Trump offers to mediate between India and Pakistan on Kashmir
Prime Minister Imran Khan met US President Donald Trump for talks on Monday at the White House, during which the latter offered to mediate between Pakistan and India on the issue of Kashmir.
The talks also focused on Afghanistan as the US seeks a peace accord with the Taliban.
Islamabad wants to shore up relations with Washington after years of discord following the discovery of the September 11, 2001 terror attacks architect Osama bin Laden on Pakistani soil, where he was killed in a US raid in 2011.
India, which in February came close to war with Pakistan over the disputed region of Kashmir and which accuses Islamabad of supporting militants, will be watching the talks closely.
Trump offered on Monday to mediate the decades-long Kashmir dispute, signalling a shift in long-standing US policy that the issue must be solved bilaterally.
Kashmir has been divided between India, Pakistan, and China since the end of British colonial rule in 1947, and remains at the root of tensions between the two nuclear-armed South Asian countries.
“If I can help, I would love to be a mediator,” Trump said. “If I can do anything to help, let me know.”
US mediation has long been sought by Pakistan.
India's foreign ministry denied on Monday that Trump had been asked by Indian Prime Minister Narendra Modi to mediate the Kashmir conflict with Pakistan.
"We have seen President Trump's remarks to the press that he is ready to mediate, if requested by India and Pakistan, on the Kashmir issue. No such request has been made by prime minister to the US president," said Raveesh Kumar, official spokesman of India's ministry of external affairs. "It has been India's consistent position that all outstanding issues with Pakistan are discussed only bilaterally."
In February, a suicide bombing claimed by a Pakistan-based militant group killed 41 Indian troops in Indian-administered Kashmir, prompting tit-for-tat air strikes between the two countries.
Some 70,000 people, mostly civilians, have been killed over the past 30 years in Indian-administered Kashmir, monitoring groups say.
The fighting is between Indian soldiers – who number around 500,000 on the ground – and rebels wanting either independence or union with Pakistan.
It is far from the first time that Trump has offered to intervene in a seemingly intractable international dispute.
On Friday, Trump said that he remained at the ready to assist South Korea and Japan resolve their lingering dispute over World War II-era forced labour that has blighted their trade relations.
In 2017, he offered to mediate territorial disputes in the South China Sea between China, Vietnam, and other Asia-Pacific countries – a proposal that did not move forward.
Meanwhile, the Pentagon said that Pakistan’s army chief, General Qamar Javed Bajwa, will meet with the top American military officer, chairman of the US Joint Chiefs of Staff General Joseph Dunford.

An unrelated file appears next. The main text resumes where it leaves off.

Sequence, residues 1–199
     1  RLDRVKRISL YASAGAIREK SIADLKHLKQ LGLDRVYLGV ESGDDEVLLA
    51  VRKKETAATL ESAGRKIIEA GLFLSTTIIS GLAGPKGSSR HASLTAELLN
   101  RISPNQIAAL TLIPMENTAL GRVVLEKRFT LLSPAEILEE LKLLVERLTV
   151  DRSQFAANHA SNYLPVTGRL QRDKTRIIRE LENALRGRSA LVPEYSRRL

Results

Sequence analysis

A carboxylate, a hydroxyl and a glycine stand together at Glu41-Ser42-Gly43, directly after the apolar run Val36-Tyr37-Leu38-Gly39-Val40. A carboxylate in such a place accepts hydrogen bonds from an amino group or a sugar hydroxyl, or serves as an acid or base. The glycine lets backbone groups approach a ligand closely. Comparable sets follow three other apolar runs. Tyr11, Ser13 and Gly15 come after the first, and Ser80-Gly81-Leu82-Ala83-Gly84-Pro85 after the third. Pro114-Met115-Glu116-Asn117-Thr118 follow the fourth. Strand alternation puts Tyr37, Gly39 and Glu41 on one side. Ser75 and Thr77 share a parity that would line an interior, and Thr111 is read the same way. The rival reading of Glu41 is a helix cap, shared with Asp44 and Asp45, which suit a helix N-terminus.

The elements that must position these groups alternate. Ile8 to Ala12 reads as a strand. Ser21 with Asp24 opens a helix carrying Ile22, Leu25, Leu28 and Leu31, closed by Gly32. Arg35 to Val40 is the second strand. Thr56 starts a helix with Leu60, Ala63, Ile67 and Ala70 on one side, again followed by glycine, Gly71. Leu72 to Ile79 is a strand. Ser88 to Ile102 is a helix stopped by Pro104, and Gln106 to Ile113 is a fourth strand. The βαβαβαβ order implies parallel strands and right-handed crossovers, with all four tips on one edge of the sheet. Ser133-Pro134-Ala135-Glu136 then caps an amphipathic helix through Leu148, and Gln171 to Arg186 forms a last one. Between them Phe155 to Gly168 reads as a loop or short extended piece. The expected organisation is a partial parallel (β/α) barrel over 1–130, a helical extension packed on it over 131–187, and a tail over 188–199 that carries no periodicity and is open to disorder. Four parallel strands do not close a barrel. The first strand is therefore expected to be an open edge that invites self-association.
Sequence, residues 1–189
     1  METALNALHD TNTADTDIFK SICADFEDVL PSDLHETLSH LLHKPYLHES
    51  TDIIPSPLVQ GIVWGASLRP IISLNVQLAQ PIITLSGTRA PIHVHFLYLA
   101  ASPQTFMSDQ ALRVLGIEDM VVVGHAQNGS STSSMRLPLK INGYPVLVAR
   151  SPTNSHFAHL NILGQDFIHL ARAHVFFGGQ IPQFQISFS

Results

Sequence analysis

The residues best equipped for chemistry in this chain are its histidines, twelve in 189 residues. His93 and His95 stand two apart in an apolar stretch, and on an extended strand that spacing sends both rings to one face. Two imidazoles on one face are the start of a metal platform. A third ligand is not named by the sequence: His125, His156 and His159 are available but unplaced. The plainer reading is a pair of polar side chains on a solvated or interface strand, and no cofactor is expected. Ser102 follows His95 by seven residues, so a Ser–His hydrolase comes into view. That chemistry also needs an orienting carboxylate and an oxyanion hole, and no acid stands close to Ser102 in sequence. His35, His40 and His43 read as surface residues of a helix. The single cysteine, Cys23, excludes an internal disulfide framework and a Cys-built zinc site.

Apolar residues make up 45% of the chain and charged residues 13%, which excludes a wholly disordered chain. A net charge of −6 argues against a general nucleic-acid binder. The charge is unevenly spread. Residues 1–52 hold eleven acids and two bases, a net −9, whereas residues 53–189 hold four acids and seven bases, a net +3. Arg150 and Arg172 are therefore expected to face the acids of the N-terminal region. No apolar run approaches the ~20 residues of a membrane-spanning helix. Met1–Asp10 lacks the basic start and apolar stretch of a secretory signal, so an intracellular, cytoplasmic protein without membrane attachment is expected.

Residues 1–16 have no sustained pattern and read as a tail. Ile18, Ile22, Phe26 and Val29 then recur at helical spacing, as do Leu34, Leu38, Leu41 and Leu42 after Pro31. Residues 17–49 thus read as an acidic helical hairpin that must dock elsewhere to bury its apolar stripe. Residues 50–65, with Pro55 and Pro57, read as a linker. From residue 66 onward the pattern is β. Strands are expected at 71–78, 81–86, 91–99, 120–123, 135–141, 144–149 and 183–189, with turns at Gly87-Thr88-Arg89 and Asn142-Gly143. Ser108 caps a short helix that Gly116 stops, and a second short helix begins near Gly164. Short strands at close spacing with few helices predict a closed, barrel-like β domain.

Analysts believe Bajwa will play a key role in behind-the-scenes discussions in which much of the serious business of the visit will take place, with the military looking to persuade Washington to restore aid and co-operation.
On the issue of Afghanistan, Trump said the US is working with Islamabad to find a way out of the war in Afghanistan.
“I don’t think Pakistan respected the United States” in the past, Trump said, but “they are helping us a lot now”.
He held out the possibility of restoring US aid to Pakistan, depending upon what is worked out.
Prime Minister Khan meanwhile told Trump that there is only one solution for Afghanistan, and that a peace deal with the Taliban is closer than it had ever been.
He said he hoped in the coming days to be able to urge the Taliban to continue the talks.
The goal of the prime minister’s first visit to the White House since taking power, said a senior Trump administration official earlier before the meeting, is “to press for concrete co-operation to advance the Afghanistan peace process”.
The US views Pakistan’s co-operation with a deal to end the 17-year-old war as essential.
The Trump administration also wants to encourage Pakistan to “deepen and sustain its recent effort to crack down on militants and terrorists within its territory”, the official said on condition of anonymity.
The US is pressing for a political agreement with the Taliban before presidential voting in Afghanistan in late September.
This would clear the way for most US troops to withdraw from Afghanistan and bring an end to America’s longest war.
Washington and Kabul accuse Pakistan of supporting armed extremist groups, such as the Haqqani network, which is an ally of the Taliban, by giving it refuge in Pakistani regions along the border with Afghanistan.
Pakistan denies providing such support and argues that, in fact, it has sustained huge losses in terms of lives and money as it fights extremism.
“We are concerned about the links between these groups and Pakistan’s intelligence services and military,” the administration official said, referring to the Jaish-e-Mohamed, the Lashkar-e-Taiba (LeT), and the Haqqani network.
Days before Khan’s visit, Pakistani authorities detained Hafiz Saeed, the founder of the LeT and the alleged mastermind of the 2008 Mumbai attacks, in a move hailed by Trump as a result of the pressure applied by his administration.
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